What late night comedian/talk-show host routinely brings in more total viewership than Jimmy Fallon, Jimmy Kimmel and Stephen Colbert? Who routinely attracts an average of over 2 million night after night, including the 25-54 demographic so highly coveted by advertisers? The answer is none other than Greg Gutfeld. Since the end of Letterman, Leno, Conan, and especially Carson, the late night setting has become far more political. Few have managed to navigate this arena so skillfully as Fox’s insightful class clown.
Like many in his position, Gutfeld is a 20-year overnight success. Over the course of his career in media, he has worked as a writer and editor for various publications including Prevention, Men’s Health, and Maxim. He was also a contributor to the Huffington Post, where he became, according to his website bio, “legendary for his ‘inspired, lunatic, ridicule of his leftwing fellow Huffers’.” His targets included Deepak Chopra, Cenk Uygur and Ariana Huffington.
It was his tongue-in-cheek ruminations on HuffPo that drew the attention of the Fox News Channel and earned him his first gig hosting his very late night panel talk show Red Eye. From 2007 to 2015 his growing flock of viewers (including yours truly when enduring bouts of insomnia) could tune in weeknights at 2am (later 3am) and 11pm on Saturdays to Gutfeld steering the conversation among an eclectic collection of comedians, media figures, pundits, and even a former CIA officer, while discussing the day’s events. During that time Gutfeld honed his craft and carved out a niche for himself as Fox’s comedic, yet sharply observant, personality.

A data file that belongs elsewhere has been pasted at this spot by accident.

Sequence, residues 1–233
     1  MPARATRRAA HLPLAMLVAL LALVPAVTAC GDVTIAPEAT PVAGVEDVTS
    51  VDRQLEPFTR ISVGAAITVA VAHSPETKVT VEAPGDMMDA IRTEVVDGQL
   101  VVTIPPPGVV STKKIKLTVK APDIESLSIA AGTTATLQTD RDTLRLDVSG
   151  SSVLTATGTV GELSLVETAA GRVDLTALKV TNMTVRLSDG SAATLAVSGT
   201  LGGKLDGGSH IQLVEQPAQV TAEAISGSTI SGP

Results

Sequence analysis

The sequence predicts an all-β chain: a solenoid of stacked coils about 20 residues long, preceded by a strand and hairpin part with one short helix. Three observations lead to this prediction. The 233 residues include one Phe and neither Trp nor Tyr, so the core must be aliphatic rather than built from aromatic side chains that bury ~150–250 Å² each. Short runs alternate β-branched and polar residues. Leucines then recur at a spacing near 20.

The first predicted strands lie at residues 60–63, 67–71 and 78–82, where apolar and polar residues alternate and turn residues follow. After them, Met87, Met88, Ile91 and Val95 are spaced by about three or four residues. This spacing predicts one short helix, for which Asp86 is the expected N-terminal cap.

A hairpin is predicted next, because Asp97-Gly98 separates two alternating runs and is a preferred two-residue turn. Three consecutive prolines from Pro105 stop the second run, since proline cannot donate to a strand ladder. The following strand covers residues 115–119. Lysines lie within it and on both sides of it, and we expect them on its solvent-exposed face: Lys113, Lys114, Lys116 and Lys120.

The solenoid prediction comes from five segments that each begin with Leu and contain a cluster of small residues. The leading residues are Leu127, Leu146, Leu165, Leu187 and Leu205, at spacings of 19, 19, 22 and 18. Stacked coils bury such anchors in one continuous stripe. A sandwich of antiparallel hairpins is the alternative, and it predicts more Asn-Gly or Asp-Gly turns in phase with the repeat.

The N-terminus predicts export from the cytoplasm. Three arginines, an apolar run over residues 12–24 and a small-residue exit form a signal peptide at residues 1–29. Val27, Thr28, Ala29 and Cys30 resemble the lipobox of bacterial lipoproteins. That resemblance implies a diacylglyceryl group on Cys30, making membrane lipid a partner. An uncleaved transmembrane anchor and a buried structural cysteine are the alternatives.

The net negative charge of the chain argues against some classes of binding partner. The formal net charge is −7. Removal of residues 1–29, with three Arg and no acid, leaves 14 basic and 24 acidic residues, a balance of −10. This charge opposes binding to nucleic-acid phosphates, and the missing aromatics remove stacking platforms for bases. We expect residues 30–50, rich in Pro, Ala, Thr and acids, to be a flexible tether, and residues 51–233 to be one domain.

In 2011, Gutfeld was an obvious choice to be a part of Fox’s new daytime panel show The Five, which gave him exposure to a broader group of viewers.
Having collected a loyal following of millions, Gutfeld was tapped as Fox’s perfect pointman for the competitive late night talk show space and to go head-to-head with its more established programs in the mainstream networks. Pulling double-duty once again, in 2015 he became host of The Greg Gutfeld Show which still airs at 11:00 pm. It took off and in 2018 Fox announced that The Greg Gutfeld Show had attracted over 2 million nightly viewers, effectively beating the mainstream networks in their own backyard.